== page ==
Dinosaur Jr - You’re Living All Over Me (1987)

Grunge music to smile to, as opposed to beating people senseless in a pit

Alternative Rock


It surprises some in the alternative community to know that Dinosaur Jr’s original lineup lasted long enough for the group to release its critically acclaimed but commercially overlooked sophomore effort, 1987’s You’re Living all Over Me. That’s because the group acted more like squabbling teenagers rather than the sonic revolutionaries who shaped the sound of an entire musical era, let alone future supergroups like Soundgarden and Nirvana. Frontman J. Mascis saw fit to rip on bassist Lou Barlow’s rural upbringing every chance he got, while Barlow himself craved attention, or at least positive recognition from his absent-minded tormentor. Drummer and perpetual stoner Murph stayed out of the fray, but was ultimately given the uncomfortable job of firing Barlow after 1988’s Bug , as he (Barlow) and Mascis were not on speaking terms at the time.

That said, little of that ugliness seems to have shifted over to this record, which turned out to be not only one of the finest statements in post-hardcore indie, but also one of the most accessible. While their (more successful) peers Sonic Youth and the Pixies were stunning critics with the wildly experimental Daydream Nation and abrasive Surfer Rosa respectively, Dinosaur Jr. had begun to branch out from its hardcore roots to indulge in a almost poppy blend of pounding drums, folksy vocals and violently noisy guitar freak-outs.

The opening feedback screeching of ‘Little Fury Things’ provide a decent sketch of what the rest of the album is like: sunny melodies buried beyond J Mascis’ cacophonous guitar squalls, and baffling, non-sensical lyrics sung in his fittingly amateurish, but thoroughly enjoyable whine. ‘Kracked’ hints at how far ahead of the curve the group was, as its distinctive sound would be aped constantly with the grunge explosion (and subsequent saturation) of the early 1990s. It’s no surprise then that its furious drumming, fierce guitars and shrill vocals sounds as fresh and contemporary today as when it was first released.

Their trademark noise-rock antics are mixed with the best bits of 1980s heavy metal to produce ‘Sludgefeast’, another outstanding cut from the record. Its remarkably forward-looking guitar work outlines the well-placed quiet-loud dynamics of the song. The otherwise trite lyrics of getting the nerve to talk to ‘the girl’ are given a warm, vulnerable feel by Mascis’ vocals. Its grunge sound is cemented by a brief passage of squalling feedback before Mascis bursts into a furious guitar solo, the art of which was sadly ignored by alternative music in the years to come. ‘Raisans’ follows in a similar vein, with the theme of dead-end crushes given a particularly visceral polish by the manic guitars and a particularly creepy passage where a muffled, distorted voice intones ‘You’re killing me’ before the chorus kicks in, with Mascis mumbling ‘I’ll just stay/ And hope you’ll care/ There’s just everything standing in front of me’ before delving into yet another breakneck solo.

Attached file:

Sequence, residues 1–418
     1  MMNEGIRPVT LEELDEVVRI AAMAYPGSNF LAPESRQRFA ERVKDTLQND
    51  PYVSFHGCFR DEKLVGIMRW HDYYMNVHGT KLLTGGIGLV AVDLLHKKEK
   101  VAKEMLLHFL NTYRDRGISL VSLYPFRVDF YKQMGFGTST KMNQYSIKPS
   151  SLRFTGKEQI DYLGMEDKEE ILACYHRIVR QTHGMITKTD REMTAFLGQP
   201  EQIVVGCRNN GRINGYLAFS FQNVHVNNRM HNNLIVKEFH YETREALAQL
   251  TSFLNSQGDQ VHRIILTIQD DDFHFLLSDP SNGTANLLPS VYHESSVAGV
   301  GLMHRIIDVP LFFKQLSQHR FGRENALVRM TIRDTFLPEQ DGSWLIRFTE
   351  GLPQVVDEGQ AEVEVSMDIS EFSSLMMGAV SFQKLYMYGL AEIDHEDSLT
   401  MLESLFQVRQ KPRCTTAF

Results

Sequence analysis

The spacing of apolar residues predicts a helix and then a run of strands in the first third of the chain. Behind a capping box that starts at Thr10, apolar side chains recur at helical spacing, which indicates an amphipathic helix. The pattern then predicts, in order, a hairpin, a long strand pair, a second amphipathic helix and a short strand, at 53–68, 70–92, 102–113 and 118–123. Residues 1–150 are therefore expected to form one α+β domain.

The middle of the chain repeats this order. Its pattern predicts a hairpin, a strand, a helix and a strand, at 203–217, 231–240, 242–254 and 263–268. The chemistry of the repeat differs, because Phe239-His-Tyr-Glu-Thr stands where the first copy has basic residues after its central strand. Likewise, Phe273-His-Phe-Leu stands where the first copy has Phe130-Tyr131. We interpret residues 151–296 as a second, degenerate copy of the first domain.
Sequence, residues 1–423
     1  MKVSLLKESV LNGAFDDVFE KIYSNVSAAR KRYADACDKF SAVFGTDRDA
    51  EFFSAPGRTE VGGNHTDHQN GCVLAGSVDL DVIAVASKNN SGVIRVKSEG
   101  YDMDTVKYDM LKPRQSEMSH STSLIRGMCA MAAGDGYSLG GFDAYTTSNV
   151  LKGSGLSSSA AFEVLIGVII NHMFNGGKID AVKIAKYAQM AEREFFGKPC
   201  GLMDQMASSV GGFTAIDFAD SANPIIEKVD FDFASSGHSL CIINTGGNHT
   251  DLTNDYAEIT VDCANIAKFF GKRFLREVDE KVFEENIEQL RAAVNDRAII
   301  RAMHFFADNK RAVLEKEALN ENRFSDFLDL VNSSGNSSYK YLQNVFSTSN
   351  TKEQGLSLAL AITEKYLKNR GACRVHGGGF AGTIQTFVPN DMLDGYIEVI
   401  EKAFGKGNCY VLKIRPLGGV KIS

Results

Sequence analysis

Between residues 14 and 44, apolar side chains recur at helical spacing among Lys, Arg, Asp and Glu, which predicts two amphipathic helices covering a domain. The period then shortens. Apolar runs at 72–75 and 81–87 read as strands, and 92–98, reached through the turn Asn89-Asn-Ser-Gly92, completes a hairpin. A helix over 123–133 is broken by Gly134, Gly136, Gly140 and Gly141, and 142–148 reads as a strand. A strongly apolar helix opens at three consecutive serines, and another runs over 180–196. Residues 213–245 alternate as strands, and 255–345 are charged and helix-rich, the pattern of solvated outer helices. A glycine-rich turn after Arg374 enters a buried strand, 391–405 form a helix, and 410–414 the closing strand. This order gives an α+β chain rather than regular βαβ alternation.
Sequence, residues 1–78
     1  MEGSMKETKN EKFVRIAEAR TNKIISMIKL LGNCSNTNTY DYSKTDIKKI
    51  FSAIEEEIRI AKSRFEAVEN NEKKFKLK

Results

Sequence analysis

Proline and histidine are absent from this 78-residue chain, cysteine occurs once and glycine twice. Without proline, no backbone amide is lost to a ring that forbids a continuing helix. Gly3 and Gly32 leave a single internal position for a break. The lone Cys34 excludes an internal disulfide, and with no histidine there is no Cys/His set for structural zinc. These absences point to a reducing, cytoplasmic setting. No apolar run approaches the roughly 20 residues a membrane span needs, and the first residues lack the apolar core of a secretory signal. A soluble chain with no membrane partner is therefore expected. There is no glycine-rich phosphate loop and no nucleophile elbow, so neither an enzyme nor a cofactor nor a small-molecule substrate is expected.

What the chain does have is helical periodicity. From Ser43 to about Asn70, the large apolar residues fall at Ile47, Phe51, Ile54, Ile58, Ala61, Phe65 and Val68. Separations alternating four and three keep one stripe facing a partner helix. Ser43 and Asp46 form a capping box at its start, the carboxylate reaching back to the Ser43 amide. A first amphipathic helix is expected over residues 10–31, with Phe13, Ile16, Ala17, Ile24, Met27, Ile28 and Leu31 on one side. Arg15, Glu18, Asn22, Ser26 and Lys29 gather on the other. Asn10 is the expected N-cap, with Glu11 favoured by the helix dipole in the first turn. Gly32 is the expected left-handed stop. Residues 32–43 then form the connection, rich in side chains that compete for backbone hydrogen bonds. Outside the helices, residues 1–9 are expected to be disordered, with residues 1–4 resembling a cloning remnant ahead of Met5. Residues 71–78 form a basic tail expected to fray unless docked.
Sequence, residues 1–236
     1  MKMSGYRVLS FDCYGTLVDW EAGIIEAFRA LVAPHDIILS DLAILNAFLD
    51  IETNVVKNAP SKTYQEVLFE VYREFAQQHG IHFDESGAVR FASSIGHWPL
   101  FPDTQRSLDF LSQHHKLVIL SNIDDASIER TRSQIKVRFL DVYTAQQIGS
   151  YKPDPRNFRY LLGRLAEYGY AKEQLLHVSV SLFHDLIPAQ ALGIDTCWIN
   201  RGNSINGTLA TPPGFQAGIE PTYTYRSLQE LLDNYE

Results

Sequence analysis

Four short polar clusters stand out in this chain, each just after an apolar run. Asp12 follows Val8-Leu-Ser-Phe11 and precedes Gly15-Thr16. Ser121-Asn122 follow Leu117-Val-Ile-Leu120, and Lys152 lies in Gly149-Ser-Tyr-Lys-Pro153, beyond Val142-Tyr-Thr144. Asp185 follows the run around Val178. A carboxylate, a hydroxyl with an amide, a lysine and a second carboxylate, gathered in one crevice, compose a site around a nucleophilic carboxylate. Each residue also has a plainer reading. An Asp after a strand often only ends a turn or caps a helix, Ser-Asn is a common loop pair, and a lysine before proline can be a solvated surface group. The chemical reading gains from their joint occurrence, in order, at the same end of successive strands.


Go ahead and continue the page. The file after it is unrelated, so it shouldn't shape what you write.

Creepy screams are reprised, though briefly, on the volatile ‘In a Jar’, which maintains an upbeat, poppy sound (augmented with their dense guitar sound, of course). It contrasts well with the darker, more mature lyrical themes Mascis explores here. ‘The Lung’ kicks off with choppy, distorted guitars, and along with ‘Lose’, is another pitch-perfect sing-along Dinosaur Jr cut, bursting at the seams with solos and rapid-fire riffs. ‘Poledo’, however, is a complete departure from their usual animated, noisy and ever-concise style. It’s arty, proto-prog arrangements stretch it to nearly six minutes and features three distinct acoustic segments, each separated by a wall of searing white noise. Mascis’ voice sounds strangely muffled in the segments, as the intentionally simplistic guitar provides the backdrop to what seems like a thousand radios being tuned simultaneously, each chanting ‘Jesus’ quite casually, which adds to the overall uncomfortable sonic palette of the track.

'Tarpit' is a mid-tempo effort that succeeds blending a steady guitar rhythm with J Mascis’ increasingly prominent folk-influenced singing. The chorus (of sorts) of ‘Stay inside/Pull me out of Space’ is matched by an equally zoned-out vocal delivery, while the instrumentation is flooded with thick feedback. The cover of Peter Frampton’s ‘Show me the way’ provides the clearest indication of how far Mascis’ artistic influences had come since the days of Deep Wound, the hardcore group he was a member of before forming Dinosaur Jr. His vocals are particularly lacking here though; his vocal cords sound like they’re one whiny note away from disintegrating completely. That said, it’s a somewhat amusing closer to what’s been an utterly remarkable album.

It baffles me that this album made little more than a dot on the alternative landscape upon its release. Admittedly, that dot did grow over time, but even so, it had everything to succeed (by indie standards anyway) back in 1987: the experiments in noise of Sonic Youth applied to a traditional verse-chorus-verse blueprint, hard rock, guitar-solo-heavy aesthetics to match the best of what the decade had to offer, as well as the sonic prowess and mainstream appeal of heavy metal. The 1991 record Green Mind fared better, but was still dwarfed by the success of Nevermind, which owes a heavy debt to the mix of styles pioneered here.